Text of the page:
TUESDAY, Mar. 10 (HealthDay News) -- Elderly patients with age-related macular degeneration are more likely than their counterparts without the eye disease to experience a wide range of illnesses, including depression, hip fracture and blindness, according to a report published in the March issue of the Archives of Ophthalmology.
Ashley Wysong, of Duke University School of Medicine in Durham N.C., and colleagues studied Medicare claims data on 32,702 adults aged 68 years and older who were newly diagnosed with age-related macular degeneration in 1994 and 32,702 matched controls, who were all followed up in 2004 to ascertain the prevalence of a range of health conditions.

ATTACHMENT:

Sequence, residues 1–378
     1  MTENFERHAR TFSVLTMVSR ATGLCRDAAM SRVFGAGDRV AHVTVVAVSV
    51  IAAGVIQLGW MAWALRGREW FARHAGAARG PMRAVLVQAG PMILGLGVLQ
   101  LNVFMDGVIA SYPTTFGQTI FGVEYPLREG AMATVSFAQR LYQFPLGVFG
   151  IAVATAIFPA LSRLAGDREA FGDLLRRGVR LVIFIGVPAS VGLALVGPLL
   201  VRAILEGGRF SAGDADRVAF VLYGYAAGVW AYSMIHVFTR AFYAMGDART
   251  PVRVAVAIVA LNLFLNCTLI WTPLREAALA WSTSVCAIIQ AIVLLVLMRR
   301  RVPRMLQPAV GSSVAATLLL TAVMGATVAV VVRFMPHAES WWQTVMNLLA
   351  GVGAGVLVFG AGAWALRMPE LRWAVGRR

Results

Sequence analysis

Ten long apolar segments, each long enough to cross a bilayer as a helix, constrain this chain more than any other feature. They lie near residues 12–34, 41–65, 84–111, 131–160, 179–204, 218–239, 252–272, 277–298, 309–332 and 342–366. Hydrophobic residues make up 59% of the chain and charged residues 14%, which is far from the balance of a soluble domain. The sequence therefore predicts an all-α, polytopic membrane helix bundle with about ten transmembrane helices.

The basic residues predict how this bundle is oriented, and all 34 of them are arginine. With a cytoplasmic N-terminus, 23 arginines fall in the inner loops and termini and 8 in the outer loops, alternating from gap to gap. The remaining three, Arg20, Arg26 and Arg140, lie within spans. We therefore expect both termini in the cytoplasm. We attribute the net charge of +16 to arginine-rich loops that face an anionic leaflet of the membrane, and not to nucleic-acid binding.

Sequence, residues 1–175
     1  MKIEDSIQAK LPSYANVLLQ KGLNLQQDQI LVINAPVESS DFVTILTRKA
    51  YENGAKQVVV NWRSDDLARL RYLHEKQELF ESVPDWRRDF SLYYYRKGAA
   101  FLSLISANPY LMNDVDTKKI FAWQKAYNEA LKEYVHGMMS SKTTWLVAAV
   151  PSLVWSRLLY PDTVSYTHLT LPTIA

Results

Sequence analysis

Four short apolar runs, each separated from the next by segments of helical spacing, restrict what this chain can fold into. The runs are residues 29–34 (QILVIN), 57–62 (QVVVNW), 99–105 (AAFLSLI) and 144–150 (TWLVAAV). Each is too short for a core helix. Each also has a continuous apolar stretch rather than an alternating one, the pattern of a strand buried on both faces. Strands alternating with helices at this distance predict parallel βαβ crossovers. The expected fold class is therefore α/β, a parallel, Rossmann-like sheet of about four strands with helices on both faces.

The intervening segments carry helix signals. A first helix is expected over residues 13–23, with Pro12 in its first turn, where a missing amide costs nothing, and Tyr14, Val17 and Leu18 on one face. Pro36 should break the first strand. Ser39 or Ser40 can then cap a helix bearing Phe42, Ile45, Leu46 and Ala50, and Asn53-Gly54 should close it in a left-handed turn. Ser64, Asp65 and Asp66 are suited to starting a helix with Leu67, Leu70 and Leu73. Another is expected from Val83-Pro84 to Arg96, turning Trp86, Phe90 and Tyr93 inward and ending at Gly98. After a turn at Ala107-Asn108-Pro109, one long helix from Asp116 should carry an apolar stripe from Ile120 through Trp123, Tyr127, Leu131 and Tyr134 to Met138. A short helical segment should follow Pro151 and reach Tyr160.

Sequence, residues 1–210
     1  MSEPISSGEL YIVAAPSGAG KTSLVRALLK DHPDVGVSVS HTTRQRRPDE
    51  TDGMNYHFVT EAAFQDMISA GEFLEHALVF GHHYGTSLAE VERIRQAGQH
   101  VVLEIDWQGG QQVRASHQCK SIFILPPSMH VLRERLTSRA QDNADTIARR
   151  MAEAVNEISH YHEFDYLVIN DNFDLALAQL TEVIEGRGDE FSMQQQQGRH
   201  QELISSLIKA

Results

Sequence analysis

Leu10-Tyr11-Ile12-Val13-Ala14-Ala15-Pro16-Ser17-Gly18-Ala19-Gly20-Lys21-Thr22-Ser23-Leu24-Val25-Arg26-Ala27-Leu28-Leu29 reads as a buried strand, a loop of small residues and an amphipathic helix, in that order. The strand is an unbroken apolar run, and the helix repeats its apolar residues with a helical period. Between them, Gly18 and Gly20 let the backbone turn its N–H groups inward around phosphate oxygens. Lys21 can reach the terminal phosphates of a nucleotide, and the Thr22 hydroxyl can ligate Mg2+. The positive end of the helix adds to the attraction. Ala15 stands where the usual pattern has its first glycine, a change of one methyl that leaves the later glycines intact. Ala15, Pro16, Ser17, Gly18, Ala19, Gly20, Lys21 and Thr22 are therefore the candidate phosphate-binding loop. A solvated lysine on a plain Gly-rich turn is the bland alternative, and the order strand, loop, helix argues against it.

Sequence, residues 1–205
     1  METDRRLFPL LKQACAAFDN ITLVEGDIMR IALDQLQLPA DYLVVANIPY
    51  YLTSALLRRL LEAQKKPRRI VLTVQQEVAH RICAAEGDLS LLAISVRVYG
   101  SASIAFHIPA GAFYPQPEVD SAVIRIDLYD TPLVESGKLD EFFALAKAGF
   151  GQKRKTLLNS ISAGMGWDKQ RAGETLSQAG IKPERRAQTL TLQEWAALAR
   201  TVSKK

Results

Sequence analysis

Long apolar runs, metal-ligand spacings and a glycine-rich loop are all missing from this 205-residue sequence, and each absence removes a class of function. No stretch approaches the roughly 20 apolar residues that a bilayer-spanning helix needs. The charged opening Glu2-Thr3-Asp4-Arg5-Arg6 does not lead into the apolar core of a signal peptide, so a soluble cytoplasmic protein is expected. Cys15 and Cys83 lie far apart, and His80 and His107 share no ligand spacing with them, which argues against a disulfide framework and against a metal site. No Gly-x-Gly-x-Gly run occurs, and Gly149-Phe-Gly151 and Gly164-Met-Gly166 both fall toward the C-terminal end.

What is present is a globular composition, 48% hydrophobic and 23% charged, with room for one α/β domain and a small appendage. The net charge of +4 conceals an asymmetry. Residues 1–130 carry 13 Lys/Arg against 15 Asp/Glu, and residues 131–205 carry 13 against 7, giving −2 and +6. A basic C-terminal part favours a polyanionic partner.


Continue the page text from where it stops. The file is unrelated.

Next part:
Rates of blindness, vision loss, depression, hip fracture and nursing home residence were higher among the patients with age-related macular degeneration versus those without, and they had a higher prevalence of 11 other general health conditions such as congestive heart failure, dementia and liver disease, the investigators found.
"This nationally longitudinal study documents increased rates of visual and functional health complications that occurred within 10 years of an age-related macular degeneration diagnosis," the authors write. "These findings demonstrate that the health issues of the age-related macular degeneration population are multifaceted, especially when viewed in a 10-year period, highlighting the importance of a multidisciplinary, integrated approach to the care of elderly persons with an age-related macular degeneration diagnosis."